What kind of roles were you being offered when Mean Girls hit its high note?
I don’t remember to be honest. I have no idea. No, seriously, I don’t remember. [Laughs]
Mean Girls came out in 2004, the same year that Facebook launched. Twitter didn’t start up until 2006. Since you’ve been vocal about having been bullied yourself, both past and present, what are your feelings when it comes to social media? Is it a necessary evil?
The amount of cyberbullying in general is absolutely disgusting. It’s a bunch of cowards with no lives sitting behind their computer screens hurting people. I think the big problem is that it’s so easy to send a Tweet or a post and hurt someone on social media without really interacting with that person. When I was in high school, we didn’t have social media, so people had to say it to someone’s face. You would see how it hurt that person, which is where you develop empathy. With social media now, there’s no empathy. A lot of teenagers nowadays aren’t taught empathy.
I didn’t have social media in high school either and now, if you wind up switching schools due to bullying, if it gets to that, social media and cyberbullying follows you everywhere you go.
Yeah. Yeah, I don’t let it bug me. I have more important things to do with my day than worry about what someone’s saying about me on Twitter. It’s like, “Right. Sure. Great.”
If we could take this way, way back, I’m so intrigued whenever people get discovered on the street—on a train in your case. How did that all go down?
I was on a train and an agent from one of the big agencies in New York saw me going through headshots. He was like, “You have a really cool look. Here’s my card. I would love to have you come in and read for us.” I didn’t know what an agent did, but I knew I needed one. So I call the guy, go in, read for him, read again for him and his colleagues, and he signed me to his agency. I started going out on auditions and a couple weeks later booked my first gig.
The train, though—weird human exchange.
Of course it’s weird! But, you know… Of course it’s weird. [Laughs]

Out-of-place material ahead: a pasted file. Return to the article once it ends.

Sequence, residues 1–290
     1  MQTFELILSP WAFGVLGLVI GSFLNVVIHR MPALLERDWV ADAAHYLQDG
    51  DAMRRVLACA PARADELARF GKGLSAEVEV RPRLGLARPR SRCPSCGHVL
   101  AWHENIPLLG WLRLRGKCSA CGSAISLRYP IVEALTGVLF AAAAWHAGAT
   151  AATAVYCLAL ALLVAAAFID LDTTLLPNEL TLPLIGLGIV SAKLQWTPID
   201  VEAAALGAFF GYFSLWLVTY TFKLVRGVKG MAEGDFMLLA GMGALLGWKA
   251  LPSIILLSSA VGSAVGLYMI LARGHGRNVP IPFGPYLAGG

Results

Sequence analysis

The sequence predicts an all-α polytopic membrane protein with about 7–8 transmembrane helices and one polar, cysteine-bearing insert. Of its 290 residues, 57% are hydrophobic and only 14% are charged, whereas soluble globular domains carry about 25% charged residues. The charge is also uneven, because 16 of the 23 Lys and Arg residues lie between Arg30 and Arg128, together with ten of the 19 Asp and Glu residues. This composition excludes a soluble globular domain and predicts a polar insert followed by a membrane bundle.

How has your perception of the industry changed since you first started out?
Oh man. The industry that I walked into years ago is a different industry than what it is now. Back in the day, you’d walk into a room and get the job if you’re good. Now, so many stupid factors come into play when hiring people, like social media. It’s such a different world. I don’t think if I started acting now, in 2015, I would be successful. I don’t know how actors out there do it now.
I interviewed this actress a while back and she told me how some producer or whatever told her they couldn’t hire her because she only has this amount of followers. I couldn’t believe it.
It’s a real thing that happens! I know because I’ve been on the other side of casting listening in. Actors would go nuts if they knew how they were being talked about nowadays. You literally have a headshot with the back of it listing the numbers of your Instagram, Twitter, and Facebook followers. If it comes down to two actors, who do you think will get the job 90% of the time?
What’s the most difficult thing for an actor when it comes to their craft? I’m talking about things like maybe getting too attached to roles or scripts that you’re competing for, or all of that unemployed downtime you have to fill between projects.
The hardest part of my job is the inconsistency of employment. I learned from my first acting teacher a long, long time ago that’s helped tremendously: You have to be okay and accept living in the unknown. It’s horrible. It’s the most competitive job on the planet. You have to really love what you do. You have to really love going into rooms, meeting people and auditioning, with the great possibility of being rejected. You have to really love it and want it or you’ll never make it. I think the reason I’ve been so lucky enough to be successful is because, since I was a six-year-old boy, there was no doubt in my mind what I wanted to do for a living. Never. Not once.
I’m going to keep this vague: Looking back at everything you’ve done, what’s that one thing you’d never ever do again and one thing you’d love to do all over again?
There isn’t really anything I wouldn’t do all over again because every single project brings with it this awesome experience. I learn something about myself, something about myself as an actor or about performing, in everything I do. It could be a little project with no money or a big one with tons of money. You learn different skills on each one. But I probably wouldn’t go back on Dancing with the Stars again. That’s something I wouldn’t do because it was so exhausting. I’m happy I did it once, but I think once is enough for everyone. And I would definitely say I would love to do another army film. The fact that you can play dress-up and play army with a whole lot of expensive toys is, for me as a giant kid, the most fun in the world.
What was the big takeaway from Submerged?
Learning to act without speaking because… I’m underwater for most of it. [Laughs] So that was definitely something I learned from this. Also, I didn’t have a lot of lines in the car.
So it was more descriptions than dialogue in the script.
I don’t know how comfortable you are talking about this, but what is it like to work with co-stars and friends, and then to see their mishaps or personal matters splashed across the tabloids? It’s certainly happened to you before. It must be a weird feeling.
It all goes back to the bullying. People are always going to talk shit. You have to let it roll off your back and not take any of it personally. That’s just how people are, unfortunately.